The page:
Abuse of painkillers reaches 'epidemic' levels in US

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Abuse of prescription painkiller have reached "epidemic" levels in the US, a government report says.

Overdoses of pain relievers cause more deaths than heroin and cocaine combined, the report has found.

It says sales and prescriptions of the drugs have risen sharply in recent years and this was linked to the rise in overdoses.

Narcotic painkillers are prescribed to relieve chronic pain but the drugs can be "highly addictive", the report says.

The report, published by the Centers for Disease Control and Prevention (CDC), said fatalities caused by narcotic pain relievers have more than tripled in the last 10 years - equivalent to 40 deaths a day.

Last year, a national survey on drug use and health showed that one in 20 Americans over the age of 12 said they had used painkillers for non-medical reasons.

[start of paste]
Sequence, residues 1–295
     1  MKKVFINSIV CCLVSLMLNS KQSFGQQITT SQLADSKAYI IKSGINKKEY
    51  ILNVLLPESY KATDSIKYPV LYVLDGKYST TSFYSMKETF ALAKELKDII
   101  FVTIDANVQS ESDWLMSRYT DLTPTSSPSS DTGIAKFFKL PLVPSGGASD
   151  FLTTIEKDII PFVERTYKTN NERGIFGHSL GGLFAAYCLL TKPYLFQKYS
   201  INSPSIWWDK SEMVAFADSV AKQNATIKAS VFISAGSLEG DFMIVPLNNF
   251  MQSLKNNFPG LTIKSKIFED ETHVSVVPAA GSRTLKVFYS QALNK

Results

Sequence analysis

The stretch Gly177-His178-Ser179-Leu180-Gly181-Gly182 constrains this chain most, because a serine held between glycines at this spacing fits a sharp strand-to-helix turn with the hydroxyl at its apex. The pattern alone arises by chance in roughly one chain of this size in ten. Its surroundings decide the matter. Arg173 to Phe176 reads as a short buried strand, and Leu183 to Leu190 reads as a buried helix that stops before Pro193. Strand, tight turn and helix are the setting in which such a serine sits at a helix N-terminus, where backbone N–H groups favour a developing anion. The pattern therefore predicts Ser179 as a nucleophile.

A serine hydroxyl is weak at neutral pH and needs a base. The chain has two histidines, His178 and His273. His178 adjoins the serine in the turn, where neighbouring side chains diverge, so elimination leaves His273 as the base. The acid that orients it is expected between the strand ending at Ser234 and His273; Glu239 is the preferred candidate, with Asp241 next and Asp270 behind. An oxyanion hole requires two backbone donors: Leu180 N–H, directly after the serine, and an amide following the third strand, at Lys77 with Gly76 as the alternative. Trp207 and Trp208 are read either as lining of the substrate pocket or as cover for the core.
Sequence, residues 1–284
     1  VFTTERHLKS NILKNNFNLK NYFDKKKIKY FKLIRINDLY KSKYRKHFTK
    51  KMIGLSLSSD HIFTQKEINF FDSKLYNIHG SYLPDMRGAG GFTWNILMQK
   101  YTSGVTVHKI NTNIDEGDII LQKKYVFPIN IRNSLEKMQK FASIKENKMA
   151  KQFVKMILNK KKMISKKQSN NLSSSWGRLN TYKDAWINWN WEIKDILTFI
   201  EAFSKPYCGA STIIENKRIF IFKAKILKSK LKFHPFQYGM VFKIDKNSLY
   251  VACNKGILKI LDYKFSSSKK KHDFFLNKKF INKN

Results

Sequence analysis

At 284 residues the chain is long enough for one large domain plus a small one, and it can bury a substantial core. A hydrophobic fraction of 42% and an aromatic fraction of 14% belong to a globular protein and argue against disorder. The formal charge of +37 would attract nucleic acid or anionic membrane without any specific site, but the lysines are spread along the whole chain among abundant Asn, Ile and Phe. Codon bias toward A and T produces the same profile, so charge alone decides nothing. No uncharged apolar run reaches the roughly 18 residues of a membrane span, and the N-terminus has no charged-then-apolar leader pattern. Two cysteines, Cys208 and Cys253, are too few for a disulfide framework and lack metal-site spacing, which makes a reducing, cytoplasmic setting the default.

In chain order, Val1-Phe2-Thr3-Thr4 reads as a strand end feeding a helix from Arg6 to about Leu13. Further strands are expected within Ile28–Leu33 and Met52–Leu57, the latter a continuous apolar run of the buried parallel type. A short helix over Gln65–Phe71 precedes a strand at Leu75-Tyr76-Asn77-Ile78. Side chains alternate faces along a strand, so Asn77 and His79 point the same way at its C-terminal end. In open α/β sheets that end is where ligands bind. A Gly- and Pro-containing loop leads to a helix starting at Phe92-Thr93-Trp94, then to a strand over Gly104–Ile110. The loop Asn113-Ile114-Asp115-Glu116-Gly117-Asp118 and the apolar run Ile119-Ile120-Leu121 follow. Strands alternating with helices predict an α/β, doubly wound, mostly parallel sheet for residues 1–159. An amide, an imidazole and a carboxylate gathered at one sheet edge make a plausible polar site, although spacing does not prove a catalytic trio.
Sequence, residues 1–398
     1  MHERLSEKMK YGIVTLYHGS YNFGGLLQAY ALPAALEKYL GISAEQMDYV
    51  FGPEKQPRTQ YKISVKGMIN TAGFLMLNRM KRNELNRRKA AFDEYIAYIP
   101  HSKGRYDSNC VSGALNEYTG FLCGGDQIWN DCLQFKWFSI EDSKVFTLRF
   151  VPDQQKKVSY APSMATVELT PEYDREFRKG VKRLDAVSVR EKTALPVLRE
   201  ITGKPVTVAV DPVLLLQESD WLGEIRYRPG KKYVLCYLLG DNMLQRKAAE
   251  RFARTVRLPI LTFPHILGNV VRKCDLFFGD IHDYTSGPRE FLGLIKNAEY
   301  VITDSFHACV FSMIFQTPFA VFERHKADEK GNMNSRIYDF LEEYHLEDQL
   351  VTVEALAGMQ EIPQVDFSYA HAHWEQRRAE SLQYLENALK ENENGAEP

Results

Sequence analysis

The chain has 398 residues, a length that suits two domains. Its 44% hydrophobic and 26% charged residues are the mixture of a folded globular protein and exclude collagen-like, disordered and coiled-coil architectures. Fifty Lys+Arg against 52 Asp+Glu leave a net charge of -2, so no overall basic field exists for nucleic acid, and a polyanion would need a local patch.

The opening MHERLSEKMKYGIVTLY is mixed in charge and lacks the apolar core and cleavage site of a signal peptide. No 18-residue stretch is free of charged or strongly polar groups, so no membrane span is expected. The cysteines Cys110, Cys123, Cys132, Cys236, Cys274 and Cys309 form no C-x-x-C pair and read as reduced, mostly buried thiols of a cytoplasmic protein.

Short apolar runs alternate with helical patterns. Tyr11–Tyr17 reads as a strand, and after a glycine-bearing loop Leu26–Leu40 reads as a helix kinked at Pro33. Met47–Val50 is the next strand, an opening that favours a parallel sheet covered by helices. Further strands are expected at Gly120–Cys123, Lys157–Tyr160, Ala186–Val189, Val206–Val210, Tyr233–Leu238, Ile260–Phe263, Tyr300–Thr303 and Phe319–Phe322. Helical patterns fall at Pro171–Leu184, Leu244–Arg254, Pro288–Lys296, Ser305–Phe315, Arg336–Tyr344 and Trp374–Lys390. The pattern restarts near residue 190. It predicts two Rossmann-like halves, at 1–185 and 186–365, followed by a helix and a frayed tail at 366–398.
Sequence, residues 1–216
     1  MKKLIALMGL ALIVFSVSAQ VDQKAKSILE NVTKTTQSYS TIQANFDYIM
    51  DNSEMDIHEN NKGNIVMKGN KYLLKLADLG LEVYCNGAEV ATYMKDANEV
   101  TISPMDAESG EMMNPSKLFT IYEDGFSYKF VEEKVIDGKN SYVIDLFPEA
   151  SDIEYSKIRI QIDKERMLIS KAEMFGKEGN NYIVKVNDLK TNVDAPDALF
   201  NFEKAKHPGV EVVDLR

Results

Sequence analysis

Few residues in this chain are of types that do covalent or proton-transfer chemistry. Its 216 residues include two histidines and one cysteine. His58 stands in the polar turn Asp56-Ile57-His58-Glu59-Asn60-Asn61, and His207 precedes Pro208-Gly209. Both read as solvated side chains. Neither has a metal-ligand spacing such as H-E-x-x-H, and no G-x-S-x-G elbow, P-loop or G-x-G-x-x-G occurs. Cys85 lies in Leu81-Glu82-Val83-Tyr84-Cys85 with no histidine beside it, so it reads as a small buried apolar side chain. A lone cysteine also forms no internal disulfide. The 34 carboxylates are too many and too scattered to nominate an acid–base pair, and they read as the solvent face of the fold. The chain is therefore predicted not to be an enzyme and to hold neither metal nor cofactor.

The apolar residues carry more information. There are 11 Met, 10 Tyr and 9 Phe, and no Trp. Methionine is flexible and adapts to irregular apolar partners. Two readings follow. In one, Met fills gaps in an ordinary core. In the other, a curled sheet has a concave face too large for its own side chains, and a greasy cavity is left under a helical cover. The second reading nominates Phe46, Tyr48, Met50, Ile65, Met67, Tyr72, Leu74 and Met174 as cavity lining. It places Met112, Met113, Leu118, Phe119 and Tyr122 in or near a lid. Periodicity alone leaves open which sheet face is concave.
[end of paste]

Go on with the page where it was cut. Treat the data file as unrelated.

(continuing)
Named as the fastest growing drug problem facing the US, narcotic painkillers are increasingly used recreationally - for the high they cause.

Surging sales

"Almost 5,500 people start to misuse prescription painkillers every day," said Pamela Hyde, administrator for the Substance Abuse and Mental Health Services Administration, a federal body.

Sales of the drugs to pharmacies and health care facilities have surged more than 300% since 1999, according to figures from the Drug Enforcement Administration.

But prescriptions of the drug have risen sharply too.

The report says enough medicine was prescribed last year to keep every American adult medicated for one month.

Florida was found to have the highest rate of sales of narcotic painkillers per person, almost three times the rate in Illinois, which had the lowest rate.

Officials believe state health policies can help reverse the trend.

The report recommends tracking prescriptions more carefully and cracking down on "pill mills" (clinics that prescribe drugs inappropriately) and "doctor shopping" (when patients collect prescriptions from several doctors).

"This highlights the importance of states getting policies right on preventing drug abuse," CDC Thomas Frieden told the Associated Press news agency.

In 2008, almost 15,000 deaths were caused by prescription painkillers, including the death of actor Heath Ledger.

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